1. Scrub your favorite batch of apples. This is a good way to use up a surplus from your co-op box, a sale at the store, or if your family is appled-out and you need something new and interesting to do with them before they go bad. Granny Smith were on sale, but I also had some Pink Ladies that Hubby didn't care for. Both worked great and I couldn't tell much of a taste difference in the baked product. So I would venture, unless you have a color look you are aiming for (these are gorgeous in the middle of a table, by the way), use whatever is cheap or laying about.

2. Prepare a bowl of water laced with lemon juice. I sliced the end off of a lemon and squeezed it in. We just want enough acid to inhibit browning while we wait for the batches to bake.

3. Since I'm not a big fan of chewing through the core, I turned my apples on their sides to slice on the mandoline. I preferred the look of the chips with the peel on, so I discarded the first slice that was mostly peel, then sliced until I reached the core. Give the apple a quarter turn, and continue slicing in this manner (discarding the first slice) until you reach the core. Continue turning and slicing until all you have left is a square core. Store slices in the lemon water.

4. Prepare a weak simple syrup mixture of 1 1/2 cups sugar to 4 cups water. Cook over medium heat until the sugar has dissolved. Place your apple slices, one layer at a time into the softly boiling mix, reducing or increasing the heat as needed. Cook until slices are slightly transparent, 1-2 minutes for nice, thin slices, or 2-4 minutes for thicker slices.

*Note: For multiple batches, you are better to throw away (or store for cocktails) your syrup and start fresh. If you just keep adding water and sugar as needed to keep your pan full, by the end of your batches you will have made apple-flavored soft-ball sugar and candied apple slices, which aren't half-bad, by the way, but are completely different from what we are going for here. The soft-ball sugar I made by accident is so beautiful, in fact, that I can't bring myself to throw it out without finding something useful for it.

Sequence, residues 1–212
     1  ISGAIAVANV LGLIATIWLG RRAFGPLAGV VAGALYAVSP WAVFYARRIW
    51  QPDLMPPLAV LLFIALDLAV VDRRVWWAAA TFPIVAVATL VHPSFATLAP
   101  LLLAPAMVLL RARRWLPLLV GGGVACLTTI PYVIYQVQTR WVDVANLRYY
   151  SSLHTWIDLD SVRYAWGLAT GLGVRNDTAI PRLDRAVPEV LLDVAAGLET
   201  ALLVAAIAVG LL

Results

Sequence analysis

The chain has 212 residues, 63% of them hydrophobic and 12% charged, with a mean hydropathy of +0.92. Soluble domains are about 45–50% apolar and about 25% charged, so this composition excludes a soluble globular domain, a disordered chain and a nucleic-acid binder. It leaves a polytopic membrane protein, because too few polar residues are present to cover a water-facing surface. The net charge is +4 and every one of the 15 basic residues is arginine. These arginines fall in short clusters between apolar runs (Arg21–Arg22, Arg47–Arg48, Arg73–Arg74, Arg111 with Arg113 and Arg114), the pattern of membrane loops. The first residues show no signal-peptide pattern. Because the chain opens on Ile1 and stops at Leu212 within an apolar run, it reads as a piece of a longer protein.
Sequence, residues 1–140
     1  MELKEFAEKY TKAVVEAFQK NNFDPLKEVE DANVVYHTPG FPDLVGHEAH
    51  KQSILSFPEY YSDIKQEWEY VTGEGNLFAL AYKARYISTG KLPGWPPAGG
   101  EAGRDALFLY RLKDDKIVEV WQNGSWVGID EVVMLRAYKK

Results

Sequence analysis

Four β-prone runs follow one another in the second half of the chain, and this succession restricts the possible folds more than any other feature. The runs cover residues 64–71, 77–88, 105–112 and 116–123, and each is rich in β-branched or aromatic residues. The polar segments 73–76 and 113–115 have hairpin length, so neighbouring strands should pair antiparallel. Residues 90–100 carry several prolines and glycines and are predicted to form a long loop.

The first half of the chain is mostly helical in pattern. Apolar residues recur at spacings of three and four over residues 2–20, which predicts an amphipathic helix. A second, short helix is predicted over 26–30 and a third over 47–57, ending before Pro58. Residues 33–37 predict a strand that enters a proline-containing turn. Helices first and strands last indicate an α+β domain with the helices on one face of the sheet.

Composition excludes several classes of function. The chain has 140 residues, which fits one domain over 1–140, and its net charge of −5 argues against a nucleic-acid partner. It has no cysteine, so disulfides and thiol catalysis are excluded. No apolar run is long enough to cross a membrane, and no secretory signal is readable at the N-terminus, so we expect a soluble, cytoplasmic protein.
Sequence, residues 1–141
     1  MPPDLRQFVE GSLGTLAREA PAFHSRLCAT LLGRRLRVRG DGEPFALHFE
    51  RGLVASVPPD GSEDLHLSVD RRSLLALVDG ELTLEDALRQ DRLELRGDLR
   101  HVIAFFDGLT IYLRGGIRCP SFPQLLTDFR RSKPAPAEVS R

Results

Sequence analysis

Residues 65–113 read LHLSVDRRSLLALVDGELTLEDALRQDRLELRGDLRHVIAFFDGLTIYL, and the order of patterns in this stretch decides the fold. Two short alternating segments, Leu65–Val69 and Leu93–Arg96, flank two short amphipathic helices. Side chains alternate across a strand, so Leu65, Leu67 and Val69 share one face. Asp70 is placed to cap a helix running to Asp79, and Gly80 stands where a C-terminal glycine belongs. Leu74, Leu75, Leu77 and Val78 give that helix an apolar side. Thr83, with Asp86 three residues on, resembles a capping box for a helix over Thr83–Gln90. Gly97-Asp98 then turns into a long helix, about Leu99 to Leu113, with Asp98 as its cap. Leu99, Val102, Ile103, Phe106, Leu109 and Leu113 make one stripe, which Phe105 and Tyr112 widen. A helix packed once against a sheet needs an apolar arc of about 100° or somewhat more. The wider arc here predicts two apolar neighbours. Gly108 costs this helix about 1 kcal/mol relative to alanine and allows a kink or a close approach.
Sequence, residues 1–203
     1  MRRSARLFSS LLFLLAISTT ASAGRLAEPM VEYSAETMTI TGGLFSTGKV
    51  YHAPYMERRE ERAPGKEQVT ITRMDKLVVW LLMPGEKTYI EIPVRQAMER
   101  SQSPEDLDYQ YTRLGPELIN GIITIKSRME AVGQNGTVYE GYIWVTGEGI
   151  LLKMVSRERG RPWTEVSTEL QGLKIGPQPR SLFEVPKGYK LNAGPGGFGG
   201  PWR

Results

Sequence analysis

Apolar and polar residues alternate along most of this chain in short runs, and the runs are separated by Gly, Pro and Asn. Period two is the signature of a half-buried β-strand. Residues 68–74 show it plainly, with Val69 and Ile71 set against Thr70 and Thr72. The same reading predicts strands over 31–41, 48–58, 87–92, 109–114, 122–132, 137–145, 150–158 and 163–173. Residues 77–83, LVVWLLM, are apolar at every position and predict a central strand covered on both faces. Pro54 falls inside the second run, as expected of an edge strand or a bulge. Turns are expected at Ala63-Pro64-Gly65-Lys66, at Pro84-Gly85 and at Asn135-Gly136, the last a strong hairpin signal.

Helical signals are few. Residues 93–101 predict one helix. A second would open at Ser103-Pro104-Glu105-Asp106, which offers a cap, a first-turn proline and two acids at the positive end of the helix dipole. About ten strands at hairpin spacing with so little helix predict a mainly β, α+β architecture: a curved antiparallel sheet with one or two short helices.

5. Blot the apple slices on a tea towel and space out on a cooling rack placed on a baking sheet. For proper drying, you want airflow all the way around the slices. This is the stage where you may opt for a sprinkle of cinnamon, nutmeg, allspice, ginger, etc.

6. Bake at 300 degrees (convection if you've got it) for 20 minutes. At 20 minutes, turn the rack around and bake for another 10-15 minutes. The slices change dramatically as they cool, much like granola and other sugared baked goods, so pull a slice out and cool it to test for doneness.

7. Allow to cool completely on cooling rack.

8. Store in an air-tight container.

Apples: 3 lbs assorted at $.89/lb
Sugar, water, slice of lemon or squeeze of lemon juice: pantry staples

Total: $2.67. I used up the rest of some apples I had in the house, but if I had been buying new just for this recipe, I would have bought the Granny Smith that were on sale. This price is just about what a bag of pre-made chips runs at the store, and you get 6-8 servings as opposed to 2.5 servings. To further illustrate, that comes out to $1.07 a serving for store-bought versus $.33 a serving for homemade, with the added benefit of smelling up your house with the wonderful smell of baking apples.

And this fall, that is a very welcome aroma.